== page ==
COLLEGE PARK -- There is plenty of space on the Vandwagon.
Maryland's football marketing campaign this year was a natural. Sell first-year coach Ron Vanderlinden and his experience tilling other football wastelands as a top assistant during the rise of the programs at Colorado and Northwestern.
The effort to sell tickets figured to be aided by a Byrd Stadium schedule that included border rivals West Virginia and Virginia, North Carolina and its national aspirations and a homecoming date with Clemson.
Fans, however, have not been compelled to go to Byrd Stadium. The Terps are 2-6, and attendance reflects that record. Maryland will have its worst average attendance for a schedule that includes Virginia and West Virginia in at least a decade, and ticket sales will fall about $700,000 below budget projections.
The Terps complete their home schedule at 1 p.m. Saturday against Virginia. Maryland anticipates 30,000 fans, and with an average attendance of 28,374 for its first five home games, the Terps probably will fall short of even last year's average of 29,559, when the program had a lame-duck coach in Mark Duffner and a less attractive home schedule.
Maryland's revenue projections again have taken a beating. The athletic department made $350,000 less on ticket sales than it anticipated last year, and that figure could double this year. The addition of a sixth home game led Maryland to project $2.3 million in ticket revenue this season, but actual sales will be closer to $1.6 million.
"We were not expecting a drop-off," athletic director Debbie Yow said. "I remember looking at our revenue total for 1995, when we made $1.95 million, and thinking that maybe we could make as much as $30,000 more per game."
That optimism called for Maryland to average 44,000 fans. The team's performance hasn't helped, but attendance also has been affected by external factors.
Yow said that the Atlantic Coast Conference confuses fans when it moves starting times to accommodate television, something it did for the Clemson game. The Orioles captivated the region in October, but the largest impact on Maryland likely has been the 85,000 NFL seats that have been added to the Baltimore-Washington market over the past 15 months.
When Maryland averaged 42,121 fans in 1995, the Ravens were not in Baltimore, and the capacity for Redskins games was 55,000, not the 80,116 at Jack Kent Cooke Stadium.
"There are an incredible number of football tickets being sold in this region that weren't two years ago," Yow said. "We'll do a thorough market analysis next spring, to see how important those factors are. Vandy [Vanderlinden] is upbeat about this. He's the kind of guy who thinks that marketing is nice but the way you get fans is to win."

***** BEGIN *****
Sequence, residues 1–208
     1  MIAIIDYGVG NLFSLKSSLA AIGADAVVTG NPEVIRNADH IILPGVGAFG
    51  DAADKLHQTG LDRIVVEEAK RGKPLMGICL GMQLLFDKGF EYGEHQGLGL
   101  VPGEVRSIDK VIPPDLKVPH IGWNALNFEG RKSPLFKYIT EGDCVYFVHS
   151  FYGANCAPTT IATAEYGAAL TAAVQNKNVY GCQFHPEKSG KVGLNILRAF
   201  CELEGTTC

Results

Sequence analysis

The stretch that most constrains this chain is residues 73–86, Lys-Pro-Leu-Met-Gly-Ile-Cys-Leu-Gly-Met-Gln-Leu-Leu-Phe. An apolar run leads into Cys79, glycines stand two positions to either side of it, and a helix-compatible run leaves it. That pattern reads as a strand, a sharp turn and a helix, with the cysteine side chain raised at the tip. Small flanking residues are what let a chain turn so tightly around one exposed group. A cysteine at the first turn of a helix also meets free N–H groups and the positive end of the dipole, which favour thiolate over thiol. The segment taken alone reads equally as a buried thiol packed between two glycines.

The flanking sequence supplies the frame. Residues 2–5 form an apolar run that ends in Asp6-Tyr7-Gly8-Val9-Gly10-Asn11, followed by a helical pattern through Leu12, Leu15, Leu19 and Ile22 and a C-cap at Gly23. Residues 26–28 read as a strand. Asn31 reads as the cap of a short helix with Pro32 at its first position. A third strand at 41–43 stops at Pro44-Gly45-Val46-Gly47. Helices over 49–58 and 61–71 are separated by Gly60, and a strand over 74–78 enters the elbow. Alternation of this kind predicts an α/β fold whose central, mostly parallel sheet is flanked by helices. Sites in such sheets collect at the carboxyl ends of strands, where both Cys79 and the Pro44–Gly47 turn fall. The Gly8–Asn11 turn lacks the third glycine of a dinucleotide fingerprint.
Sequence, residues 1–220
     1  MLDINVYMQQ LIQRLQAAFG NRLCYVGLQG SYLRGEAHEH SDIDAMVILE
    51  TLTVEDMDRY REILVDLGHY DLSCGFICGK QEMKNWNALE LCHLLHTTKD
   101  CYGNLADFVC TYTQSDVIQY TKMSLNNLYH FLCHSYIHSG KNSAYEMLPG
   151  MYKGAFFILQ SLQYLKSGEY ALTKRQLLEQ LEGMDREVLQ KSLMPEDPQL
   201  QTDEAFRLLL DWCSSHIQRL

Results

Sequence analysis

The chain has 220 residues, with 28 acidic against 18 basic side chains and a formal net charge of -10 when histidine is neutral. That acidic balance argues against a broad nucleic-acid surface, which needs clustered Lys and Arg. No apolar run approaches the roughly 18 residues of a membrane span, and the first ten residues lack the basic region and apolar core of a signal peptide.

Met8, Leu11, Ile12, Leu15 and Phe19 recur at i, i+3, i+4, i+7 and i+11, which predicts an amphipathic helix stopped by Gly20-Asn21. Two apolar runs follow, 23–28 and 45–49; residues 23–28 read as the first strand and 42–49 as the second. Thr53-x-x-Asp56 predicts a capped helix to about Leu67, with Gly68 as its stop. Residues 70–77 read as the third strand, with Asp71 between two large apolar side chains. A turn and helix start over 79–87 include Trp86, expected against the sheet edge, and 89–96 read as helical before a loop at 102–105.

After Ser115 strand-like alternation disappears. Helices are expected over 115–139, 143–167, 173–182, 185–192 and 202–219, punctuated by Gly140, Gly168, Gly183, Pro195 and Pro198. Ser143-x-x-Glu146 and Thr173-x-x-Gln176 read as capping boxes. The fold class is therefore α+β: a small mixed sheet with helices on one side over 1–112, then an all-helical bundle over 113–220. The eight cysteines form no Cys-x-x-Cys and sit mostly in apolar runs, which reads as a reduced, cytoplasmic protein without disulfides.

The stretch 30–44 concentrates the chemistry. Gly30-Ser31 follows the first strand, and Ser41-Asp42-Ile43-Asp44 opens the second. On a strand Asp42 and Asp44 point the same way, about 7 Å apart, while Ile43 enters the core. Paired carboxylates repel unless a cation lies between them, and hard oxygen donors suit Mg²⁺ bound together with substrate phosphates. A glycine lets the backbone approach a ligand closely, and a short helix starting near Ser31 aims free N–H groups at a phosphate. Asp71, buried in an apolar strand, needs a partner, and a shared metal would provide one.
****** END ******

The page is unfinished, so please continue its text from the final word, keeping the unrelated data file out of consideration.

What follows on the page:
There is anecdotal support for that contention.
In Annapolis, also in the shadow of the Ravens and Redskins, Navy has turned the goodwill of last season's bowl appearance into record attendance (32,108). There is Maryland's own 1995 season, when a 4-0 start and a quarterback controversy boosted average attendance to 42,121. It was the Terps' best attendance at home since 1991.
"We saw a blip on the radar screen in 1995," Yow said. "We won our first four games, we were ranked No. 17 and people came. Could it possibly be that simple? Maybe."
Maryland's decade-old budget deficit has been trimmed from $6.8 million to $4.8 million over the past three years, but the football losses will make it harder to balance the budget for fiscal year 1998.
The easiest fix for the shortfall could come from the Bowl Alliance. If No. 5 North Carolina were to beat No. 3 Florida State and both are chosen for lucrative Alliance bowls, Maryland's share of ACC bowl revenue would increase from $1 million to $1.8 million. Yow said that the last option to balance the budget would be to cut budgets in other sports.
The search for additional revenue could lead to Baltimore. Yow ++ has explored moving one of next year's home games, most likely Georgia Tech, to the Ravens' new stadium.
Yow moved last year's date against Florida State to South Florida for $1 million, which netted Maryland $400,000 more than if the game had been played at Byrd. Yow declined to say how much money the Ravens have offered Maryland to move a game, but nodded yes when asked if $1 million was a reasonable starting point for negotiations.
Byrd Stadium was expanded to 48,000 seats two years ago, and Yow said that capacity could grow, because Maryland is exploring the possibility of adding skyboxes and a Hall of Fame into the closed end of the seating bowl. With Maryland filling only 59 percent of its seats at Byrd Stadium, easily the worst rate in the ACC, would that expenditure make any fiscal sense?
"When we win," Vanderlinden said, "you won't be able to get a ticket here."
Maryland's football attendance has typically gone up in odd-numbered years, when Virginia and West Virginia come to Byrd Stadium, but that pattern has not held this season:
... .. .. .. .. .. .. .. .. . .. .. Pct. of
School .. .. .. .. .. Average .. .. Capacity
Florida State . .. .. 76,853 ... .. ... 99.2
Clemson . .. .. .. .. 70,500 ... .. ... 86.5
North Carolina ... .. 57,600 ... .. ... 99.6
N.C. State . .. .. .. 51,000 ... .. ... 95.3
Georgia Tech .. .. .. 45,095 ... .. ... 98.0
Virginia ... .. .. .. 41,080 ... .. .. 102.7
Maryland ... .. .. .. 28,374 ... .. ... 59.0
Duke ... ... .. .. .. 24,484 ... .. ... 72.1
Wake Forest ... .. .. 22,326 ... .. ... 70.8
SOURCE: Atlantic Coast Conference
Pub Date: 10/29/97